All of these challenges with hot drinks had led me away from drinking coffee in life. That was until a dozen years ago. I was stopping for gas to begin a short road trip. Feeling like something to drink would be helpful, I ventured inside the station. Without any of my usual thirst quenchers looking appealing. I spotted a chocolate coffee drink and thought, why not. It was a mocha from Darigold sitting on one of the refrigerator shelves. I had never been one to drink coffee. Not really liking the taste. But, more so, not wanting to deal with the handling of the hot liquid. The mocha drink I had stumbled across in the gas station was awesome. I enjoyed every last bit of the drink, as I rolled down the highway. Only to find out later, I could get almost the exact drink at any coffee stand. It was simply referred to as an iced mocha. The drink was like chocolate milk with some coffee. All poured over ice, with a lid, and a straw. It would be relatively simple for me to order and handle. My mind was blown. From that day forward I became an avid coffee drinker. It seems strange that not being able to drink coffee could make me feel left out, but it did. I feel like most everyone in life drinks coffee. As a society, we often meet friends for coffee, have dates over coffee, and make coffee runs in the office. Drinking coffee seems so much a part of our lives. For years, I felt isolated from the ability to enjoy those moments. Believing the only way coffee was served, was hot. And I grew up in Seattle, evidently living under a rock.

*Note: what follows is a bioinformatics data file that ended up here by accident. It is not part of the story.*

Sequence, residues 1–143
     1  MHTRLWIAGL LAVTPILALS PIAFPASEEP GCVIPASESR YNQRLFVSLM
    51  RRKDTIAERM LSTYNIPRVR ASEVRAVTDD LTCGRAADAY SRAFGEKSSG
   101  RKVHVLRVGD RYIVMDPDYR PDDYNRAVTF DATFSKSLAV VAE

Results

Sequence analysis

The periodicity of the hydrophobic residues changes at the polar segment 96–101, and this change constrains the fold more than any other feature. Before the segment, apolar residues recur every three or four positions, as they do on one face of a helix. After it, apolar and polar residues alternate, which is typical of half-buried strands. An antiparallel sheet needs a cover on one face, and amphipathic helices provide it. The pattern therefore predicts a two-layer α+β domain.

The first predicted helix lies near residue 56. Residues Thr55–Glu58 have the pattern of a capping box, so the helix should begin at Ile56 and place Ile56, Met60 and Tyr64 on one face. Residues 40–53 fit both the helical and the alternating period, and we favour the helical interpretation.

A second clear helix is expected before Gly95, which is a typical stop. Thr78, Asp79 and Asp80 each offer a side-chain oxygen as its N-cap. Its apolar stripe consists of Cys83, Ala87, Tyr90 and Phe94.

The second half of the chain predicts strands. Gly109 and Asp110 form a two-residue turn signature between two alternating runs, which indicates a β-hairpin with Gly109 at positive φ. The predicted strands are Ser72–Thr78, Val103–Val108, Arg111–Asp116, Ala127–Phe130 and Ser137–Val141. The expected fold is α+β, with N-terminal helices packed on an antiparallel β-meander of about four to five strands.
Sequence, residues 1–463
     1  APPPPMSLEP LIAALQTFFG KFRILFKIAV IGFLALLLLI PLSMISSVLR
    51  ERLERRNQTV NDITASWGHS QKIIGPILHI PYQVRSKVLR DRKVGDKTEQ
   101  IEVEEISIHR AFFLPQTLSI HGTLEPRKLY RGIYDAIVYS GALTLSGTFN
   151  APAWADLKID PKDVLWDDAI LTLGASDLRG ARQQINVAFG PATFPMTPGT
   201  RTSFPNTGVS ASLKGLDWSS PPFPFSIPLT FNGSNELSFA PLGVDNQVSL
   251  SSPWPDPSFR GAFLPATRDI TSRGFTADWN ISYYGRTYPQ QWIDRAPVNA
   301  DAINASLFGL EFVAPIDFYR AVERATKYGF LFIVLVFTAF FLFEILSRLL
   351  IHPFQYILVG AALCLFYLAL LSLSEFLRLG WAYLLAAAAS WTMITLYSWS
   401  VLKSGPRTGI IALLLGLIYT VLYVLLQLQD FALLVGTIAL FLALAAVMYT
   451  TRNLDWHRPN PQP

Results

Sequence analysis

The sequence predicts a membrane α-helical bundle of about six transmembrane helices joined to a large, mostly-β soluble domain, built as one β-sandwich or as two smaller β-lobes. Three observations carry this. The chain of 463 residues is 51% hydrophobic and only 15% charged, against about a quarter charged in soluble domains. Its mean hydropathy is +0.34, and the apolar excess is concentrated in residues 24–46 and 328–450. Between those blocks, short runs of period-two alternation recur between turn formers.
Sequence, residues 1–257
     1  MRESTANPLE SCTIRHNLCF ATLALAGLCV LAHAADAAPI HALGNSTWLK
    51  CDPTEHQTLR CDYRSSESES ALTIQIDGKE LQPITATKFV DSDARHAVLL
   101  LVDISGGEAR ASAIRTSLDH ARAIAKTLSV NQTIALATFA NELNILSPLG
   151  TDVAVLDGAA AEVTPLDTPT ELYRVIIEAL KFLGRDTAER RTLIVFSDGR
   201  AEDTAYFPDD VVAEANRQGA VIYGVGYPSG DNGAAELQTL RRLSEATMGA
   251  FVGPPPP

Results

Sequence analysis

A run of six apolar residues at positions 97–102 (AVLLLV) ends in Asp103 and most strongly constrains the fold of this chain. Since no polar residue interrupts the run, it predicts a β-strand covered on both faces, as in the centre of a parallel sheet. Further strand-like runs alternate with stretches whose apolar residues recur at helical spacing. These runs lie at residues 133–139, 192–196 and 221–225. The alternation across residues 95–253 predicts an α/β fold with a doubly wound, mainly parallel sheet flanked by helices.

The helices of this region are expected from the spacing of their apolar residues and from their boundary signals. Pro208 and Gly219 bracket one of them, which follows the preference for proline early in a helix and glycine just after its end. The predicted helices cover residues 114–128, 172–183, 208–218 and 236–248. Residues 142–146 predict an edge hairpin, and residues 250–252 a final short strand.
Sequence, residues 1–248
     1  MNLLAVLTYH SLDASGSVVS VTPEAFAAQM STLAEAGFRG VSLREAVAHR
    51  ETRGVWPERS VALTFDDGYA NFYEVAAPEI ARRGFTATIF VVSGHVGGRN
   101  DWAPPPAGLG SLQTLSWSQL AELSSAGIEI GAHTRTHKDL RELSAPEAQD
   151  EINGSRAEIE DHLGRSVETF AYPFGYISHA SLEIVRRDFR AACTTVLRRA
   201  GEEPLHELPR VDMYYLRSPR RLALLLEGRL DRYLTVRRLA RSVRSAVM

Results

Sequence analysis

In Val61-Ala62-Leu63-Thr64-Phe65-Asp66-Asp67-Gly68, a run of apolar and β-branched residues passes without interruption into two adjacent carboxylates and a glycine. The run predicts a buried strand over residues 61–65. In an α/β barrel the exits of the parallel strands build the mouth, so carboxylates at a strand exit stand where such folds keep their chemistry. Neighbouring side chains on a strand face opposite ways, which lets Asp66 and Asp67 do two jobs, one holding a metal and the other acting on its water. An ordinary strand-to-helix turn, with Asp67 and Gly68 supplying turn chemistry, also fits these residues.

The discovery of that iced mocha did a lot to change things. Finding the iced coffee made me feel a part of life in ways I hadn’t felt prior. It led me to having the ability to drive through a coffee stand. Like so many people heading on their way into their day. Now, there was no reason to fear being handed the drink. It wasn’t going to be a hot liquid in a cup challenging for me to keep steady. My coffee drink would be poured over ice, which helps keep liquid balanced, with a sturdy lid, and a straw. Not unlike any soda drink to be ordered at a fast food drive through. I had been handling those drinks for years. The feeling of grabbing a coffee to begin a day, might sound like a simple thing. But, for me, it has significance of another overcome challenge. Finding another compromise in life, bringing me out of my emotions of isolation. When I order my iced coffee in the middle of the winter. On mornings when the temperature dips under 35 degrees outside. I can get some strange looks, with everyone bundled up in thick winter coats. They might think I have gone a bit crazy. The funny thing remains how thankful I am to have the ability to receive the iced drink. It makes me feel a little less alone in my challenges with cerebral palsy.